(guest blogged by Mike)
I don't think my mom signed up for it. She was the daughter of reserved Lutheran Germans, but somehow ended married into a family of raucous Irish Catholics, and west side Irish to boot.
One of four girls, she brought three large boys into the world. Insofar as a child of the depression could have delicate sensibilities, she had them. Insofar as children of the post-war middle class baby boom could be a natural disaster going someplace to happen, my brothers and I were that.
Whenever Breda asks about my mom, my answers are no doubt unsatisfying - in truth after all this time my memories of her have faded to a kind of soft haze of good humor, good stories and good food.
The last of course piqued the interest of my dear bride (no mean cook herself). What was my favorite? What did she do best? What did she like?
Again, I could not help but to disappoint. Growing up our dinners were the usual fare: pastas, potatoes, pot roasts, and meat loafs, but all prepared by someone who knew what they were about in the kitchen, and thus delicious.
Delicious, but not unique. In fact I would stack Breda's versions of the above against anyone's, and she would come out the winner. I am a lucky man.
Wasn't there any special dish that I remembered? Okay, there is one, but it's a little embarrassing - it's not fancy, it might not even rate as commonplace - kind of a mix of sausage and canned beans that was for us only - serving it to company would not even be considered. But boy, was it tasty. Whenever the grocery store expedition returned with the ingredients for bean casserole, my brothers and I would dance around like some species of giant hobbit anticipating a feast.
Recipe? I didn't think there was one - it started life a a side dish at one of the family gatherings, and my mom, ever practical, asked the appropriate aunt what was in it, figuring it could be expanded to fill the near bottomless bellies of her hungry brood.
Years later, when I lived alone, I tried to recreate it from memory. How hard could it be - some beans, some sausage, some other stuff - something awful. I'm not a master chef, but rarely do my attempts go directly from stove to waste basket. This one did.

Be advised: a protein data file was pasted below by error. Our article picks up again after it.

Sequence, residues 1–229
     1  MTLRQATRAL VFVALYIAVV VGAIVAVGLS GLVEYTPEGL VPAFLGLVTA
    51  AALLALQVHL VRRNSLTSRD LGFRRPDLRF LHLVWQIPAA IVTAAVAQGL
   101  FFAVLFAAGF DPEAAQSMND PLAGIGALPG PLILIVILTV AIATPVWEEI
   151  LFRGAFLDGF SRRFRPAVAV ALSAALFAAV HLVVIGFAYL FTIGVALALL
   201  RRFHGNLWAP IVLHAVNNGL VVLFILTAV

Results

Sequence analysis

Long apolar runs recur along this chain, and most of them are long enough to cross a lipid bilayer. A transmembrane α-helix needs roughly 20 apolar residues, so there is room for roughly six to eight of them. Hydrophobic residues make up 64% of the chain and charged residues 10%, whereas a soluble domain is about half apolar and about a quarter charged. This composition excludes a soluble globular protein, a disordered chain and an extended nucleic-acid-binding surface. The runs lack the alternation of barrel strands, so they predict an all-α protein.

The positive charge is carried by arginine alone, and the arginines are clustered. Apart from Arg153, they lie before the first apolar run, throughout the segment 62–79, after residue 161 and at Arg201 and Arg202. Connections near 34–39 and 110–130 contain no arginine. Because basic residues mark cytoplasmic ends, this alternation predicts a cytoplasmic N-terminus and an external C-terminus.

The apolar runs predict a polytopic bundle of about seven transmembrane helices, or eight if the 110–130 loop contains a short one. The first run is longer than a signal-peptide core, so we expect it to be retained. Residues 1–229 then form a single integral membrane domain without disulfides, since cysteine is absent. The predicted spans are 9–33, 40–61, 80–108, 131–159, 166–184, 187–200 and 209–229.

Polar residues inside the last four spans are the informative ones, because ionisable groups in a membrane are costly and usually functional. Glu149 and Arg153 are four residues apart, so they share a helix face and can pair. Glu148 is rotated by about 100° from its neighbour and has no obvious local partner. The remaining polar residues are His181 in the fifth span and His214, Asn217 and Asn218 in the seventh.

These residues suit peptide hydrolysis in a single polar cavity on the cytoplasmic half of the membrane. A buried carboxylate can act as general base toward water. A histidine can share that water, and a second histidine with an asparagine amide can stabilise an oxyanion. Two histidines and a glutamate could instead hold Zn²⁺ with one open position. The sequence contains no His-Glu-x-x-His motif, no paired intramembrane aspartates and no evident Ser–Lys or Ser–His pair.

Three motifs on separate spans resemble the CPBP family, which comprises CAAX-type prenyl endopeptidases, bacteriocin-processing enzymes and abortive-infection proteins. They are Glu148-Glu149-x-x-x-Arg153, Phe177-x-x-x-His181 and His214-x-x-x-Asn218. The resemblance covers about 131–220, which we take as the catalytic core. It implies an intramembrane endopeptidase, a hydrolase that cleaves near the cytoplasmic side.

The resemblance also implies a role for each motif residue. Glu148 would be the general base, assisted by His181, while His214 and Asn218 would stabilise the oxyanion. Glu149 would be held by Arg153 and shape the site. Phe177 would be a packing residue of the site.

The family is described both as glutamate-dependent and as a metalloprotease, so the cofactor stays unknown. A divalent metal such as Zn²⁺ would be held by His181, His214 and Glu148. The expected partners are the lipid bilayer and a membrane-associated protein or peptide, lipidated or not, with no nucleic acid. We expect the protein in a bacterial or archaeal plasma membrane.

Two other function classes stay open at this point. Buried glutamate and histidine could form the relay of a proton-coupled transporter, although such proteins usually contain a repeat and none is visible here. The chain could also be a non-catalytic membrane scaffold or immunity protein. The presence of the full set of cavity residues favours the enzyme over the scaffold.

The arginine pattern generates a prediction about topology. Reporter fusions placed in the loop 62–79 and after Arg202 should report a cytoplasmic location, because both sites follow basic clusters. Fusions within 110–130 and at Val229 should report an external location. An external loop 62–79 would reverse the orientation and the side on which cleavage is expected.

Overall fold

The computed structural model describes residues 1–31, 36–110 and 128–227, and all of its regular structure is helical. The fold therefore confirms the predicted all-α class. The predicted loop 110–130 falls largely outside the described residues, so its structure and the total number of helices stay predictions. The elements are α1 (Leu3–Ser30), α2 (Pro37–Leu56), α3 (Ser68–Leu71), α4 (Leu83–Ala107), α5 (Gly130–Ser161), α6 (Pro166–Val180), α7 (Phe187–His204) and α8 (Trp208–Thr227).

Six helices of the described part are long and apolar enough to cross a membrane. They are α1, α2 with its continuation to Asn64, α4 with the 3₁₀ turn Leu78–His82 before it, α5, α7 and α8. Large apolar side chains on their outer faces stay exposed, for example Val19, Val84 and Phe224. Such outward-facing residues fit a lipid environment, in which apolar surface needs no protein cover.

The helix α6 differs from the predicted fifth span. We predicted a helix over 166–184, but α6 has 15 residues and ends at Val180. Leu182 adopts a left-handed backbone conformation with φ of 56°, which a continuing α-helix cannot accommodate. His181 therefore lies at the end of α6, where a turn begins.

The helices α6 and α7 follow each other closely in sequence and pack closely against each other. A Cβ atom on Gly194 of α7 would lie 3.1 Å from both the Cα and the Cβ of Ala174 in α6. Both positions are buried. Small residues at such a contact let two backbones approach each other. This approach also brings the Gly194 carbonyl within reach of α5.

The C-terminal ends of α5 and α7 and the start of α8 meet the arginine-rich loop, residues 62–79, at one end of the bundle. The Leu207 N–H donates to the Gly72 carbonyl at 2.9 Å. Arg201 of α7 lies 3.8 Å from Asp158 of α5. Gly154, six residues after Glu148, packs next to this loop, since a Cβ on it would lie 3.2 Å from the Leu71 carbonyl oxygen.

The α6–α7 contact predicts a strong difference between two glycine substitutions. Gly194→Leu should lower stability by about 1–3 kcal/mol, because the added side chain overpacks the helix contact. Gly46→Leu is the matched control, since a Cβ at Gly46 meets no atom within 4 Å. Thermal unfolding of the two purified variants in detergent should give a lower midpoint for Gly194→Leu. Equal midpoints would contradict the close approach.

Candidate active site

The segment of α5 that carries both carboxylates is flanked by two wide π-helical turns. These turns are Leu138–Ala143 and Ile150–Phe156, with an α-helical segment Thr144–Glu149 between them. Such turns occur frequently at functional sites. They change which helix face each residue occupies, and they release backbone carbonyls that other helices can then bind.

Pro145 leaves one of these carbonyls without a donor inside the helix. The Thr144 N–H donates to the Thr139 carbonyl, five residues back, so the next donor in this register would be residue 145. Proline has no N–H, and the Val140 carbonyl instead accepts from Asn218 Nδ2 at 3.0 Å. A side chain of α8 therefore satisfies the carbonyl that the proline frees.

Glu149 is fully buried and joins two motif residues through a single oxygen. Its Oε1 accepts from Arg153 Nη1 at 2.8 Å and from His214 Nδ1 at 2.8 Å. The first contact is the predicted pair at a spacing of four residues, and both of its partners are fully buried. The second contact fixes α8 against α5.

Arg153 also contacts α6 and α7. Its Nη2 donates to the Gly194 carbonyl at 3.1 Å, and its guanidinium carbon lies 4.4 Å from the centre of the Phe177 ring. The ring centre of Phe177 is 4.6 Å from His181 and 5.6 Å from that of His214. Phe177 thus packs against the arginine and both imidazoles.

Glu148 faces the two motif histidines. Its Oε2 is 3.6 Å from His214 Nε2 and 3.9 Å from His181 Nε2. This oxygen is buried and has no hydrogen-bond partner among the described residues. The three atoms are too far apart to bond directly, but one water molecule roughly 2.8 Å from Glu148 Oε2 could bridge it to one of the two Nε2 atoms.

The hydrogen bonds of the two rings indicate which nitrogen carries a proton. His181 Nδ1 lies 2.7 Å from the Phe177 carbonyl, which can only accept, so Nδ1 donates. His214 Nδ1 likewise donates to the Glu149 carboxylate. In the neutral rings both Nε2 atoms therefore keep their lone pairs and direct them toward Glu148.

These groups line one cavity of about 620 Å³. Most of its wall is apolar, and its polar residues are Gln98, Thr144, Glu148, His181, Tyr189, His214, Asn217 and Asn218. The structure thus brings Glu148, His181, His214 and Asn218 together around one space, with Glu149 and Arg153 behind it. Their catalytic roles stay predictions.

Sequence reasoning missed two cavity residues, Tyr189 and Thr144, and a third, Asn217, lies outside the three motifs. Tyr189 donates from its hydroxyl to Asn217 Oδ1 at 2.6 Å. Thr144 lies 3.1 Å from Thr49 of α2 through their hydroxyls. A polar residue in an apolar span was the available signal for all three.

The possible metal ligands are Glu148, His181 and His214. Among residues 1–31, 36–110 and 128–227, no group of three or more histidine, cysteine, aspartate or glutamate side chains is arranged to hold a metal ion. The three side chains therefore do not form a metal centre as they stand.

Sadly, I informed Breda that the recipe was lost to time.
My wife is not so easily deterred, she is not known as "She Who Finds Things Out" for nothing. My brothers were enlisted to find mom's cook books, but this is not the sort of thing that ever appeared in Betty Crocker or Julia Child, so it didn't look good for this particular bit of culinary archaeology.
Then one day, not long ago while sitting around Breda's mom's table, digesting one of her delicious meals (did I mention I am a lucky man?), my younger brother handed Breda a green vinyl, loose-leaf notebook.
"I found this on one of our bookshelves; it was mom's recipes. Do you want it?"
You might of thought he offered he the map to the Lost Dutchman mine for the speed of the grab she made. And yes, there was a recipe for...
Five Bean Casserole.
1 lb. Bob Evans hot sausage
2 med. onions, chopped
1 cup chopped celery
1 can each (drained):
1 16 oz. can pork and beans
1 6 oz. can tomato sauce
1 6 oz. can tomato paste
1 cup light brown sugar
1/2 tsp. chili powder
2 Tbsp. prepared mustard
4-6 slices of bacon
Brown sausage, remove from pan. In drippings saute onions and celery. Mix in rest of ingredients, spread tomato paste on top and top with bacon.
Bake in large covered dutch oven @ 350 for one hour.
Memories fade, photos get lost, and the universe is relentless in pushing the past aside to make way for the future, but the taste on the tongue remembers.
P.S. it says one cup of brown sugar. I used about three quarters, and it was still very sweet - next time, I'll cut it to half a cup.